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Tolerance rating on a 0 Ohm resistor?

  1. Dec 27, 2007 #1
    Tolerance rating on a 0 Ohm resistor???

    I'm just curious why the zero ohm "jumper" resistors I use have a tolerance rating of 5%. This doesn't really make sense to me because 5% of 0 Ohms is still 0 Ohms. I understand that even a close to ideal conductor is not going to be 0 Ohms, but why do they use a percentage of 0 to show the tolerance rather than say [tex]\pm[/tex] 0.1 Ohms??
     
  2. jcsd
  3. Dec 27, 2007 #2
    also, i just realized you can't really have a +/- on a 0 ohm, but just a + (no negative resistance), just wanted to extinguish that before someone called me out on it :D
     
  4. Dec 27, 2007 #3

    berkeman

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    Staff: Mentor

    Yeah, that's an old running joke in EE. Tolerance on a "zero ohm jumper" -- LOL.

    But as a practical matter, they do make most 0-Ohm jumpers with resistor fab techniques (well, not the old simple wire jumpers), so there will be some finite resistance associated with the jumper, and maybe for some applications, knowing the resistance will be important. The datasheet should give a more practical resistance maximum for the particular 0-Ohm jumper. If it doesn't, just use 5% of the next higher resistor in the family, usually 1 Ohm.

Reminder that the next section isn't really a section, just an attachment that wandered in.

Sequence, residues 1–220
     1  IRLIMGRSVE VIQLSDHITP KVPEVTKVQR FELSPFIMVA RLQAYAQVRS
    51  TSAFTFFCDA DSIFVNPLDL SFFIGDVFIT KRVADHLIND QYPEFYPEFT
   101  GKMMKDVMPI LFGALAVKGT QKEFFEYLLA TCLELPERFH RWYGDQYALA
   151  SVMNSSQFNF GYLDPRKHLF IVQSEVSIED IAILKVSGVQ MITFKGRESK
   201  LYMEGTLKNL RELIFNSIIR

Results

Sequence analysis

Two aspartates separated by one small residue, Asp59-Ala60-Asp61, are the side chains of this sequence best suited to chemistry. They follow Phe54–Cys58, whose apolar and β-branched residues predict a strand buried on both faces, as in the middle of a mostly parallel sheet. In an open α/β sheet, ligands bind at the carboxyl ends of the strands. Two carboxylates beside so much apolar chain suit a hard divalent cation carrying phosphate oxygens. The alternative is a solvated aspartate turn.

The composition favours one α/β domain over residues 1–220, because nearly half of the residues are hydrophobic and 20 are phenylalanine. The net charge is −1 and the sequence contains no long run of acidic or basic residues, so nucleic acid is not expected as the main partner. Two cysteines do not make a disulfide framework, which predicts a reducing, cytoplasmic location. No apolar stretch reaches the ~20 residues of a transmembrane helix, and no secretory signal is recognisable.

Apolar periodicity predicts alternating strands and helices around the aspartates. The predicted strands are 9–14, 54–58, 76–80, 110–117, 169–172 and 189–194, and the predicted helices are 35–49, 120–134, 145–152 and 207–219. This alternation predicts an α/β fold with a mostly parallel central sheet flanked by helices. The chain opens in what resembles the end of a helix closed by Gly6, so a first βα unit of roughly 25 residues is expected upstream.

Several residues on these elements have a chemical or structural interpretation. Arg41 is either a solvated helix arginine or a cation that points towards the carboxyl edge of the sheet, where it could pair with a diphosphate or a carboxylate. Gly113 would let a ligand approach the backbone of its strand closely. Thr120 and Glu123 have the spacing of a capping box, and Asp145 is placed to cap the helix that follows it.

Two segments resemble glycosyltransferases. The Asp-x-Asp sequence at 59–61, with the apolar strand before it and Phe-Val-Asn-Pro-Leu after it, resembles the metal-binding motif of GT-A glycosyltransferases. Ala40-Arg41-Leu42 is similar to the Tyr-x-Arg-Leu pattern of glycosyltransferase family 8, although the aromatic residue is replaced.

5. Dec 27, 2007 #4
    Alright thanks for explaining that, I was afraid it was going to be some complicated statistical explanation :D
     
  6. Dec 27, 2007 #5
    A zero ohm resistor is a fancy word for a fuse. I admit they look different.
     
  7. Dec 27, 2007 #6

    berkeman

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    Staff: Mentor

    Not necessarily, in fact, 0-Ohm jumpers are never used as fuses, AFAIK. They are not built to act as fuses. The are used as option straps, usually, or as optional grounding paths for ESD cofigurability of a final PCB design based on final ESD testing.

    A fuse does have a finite, low resistance, with some tolerance. I've used low-current fuses as "blow-able" option straps in products that get configured in production to be an expensive version (fuse unblown) or a cheaper version (fuse blown). I've also used cuttable wire jumpers as cheap configuration straps in products that had multiple personalities, where the option is set once, and must never change (so no DIP switches).

    A 0-Ohm SMT resistor would be a poor choice for a fuse, because the current and voltage required to reliably blow it open would not be well constrained by the construction, and because the resulting open would be subject to corrosion and potential healing. Not good.
     
  8. Dec 27, 2007 #7
    Scusa, I should have said act as a fuse in event of short circuit.
     
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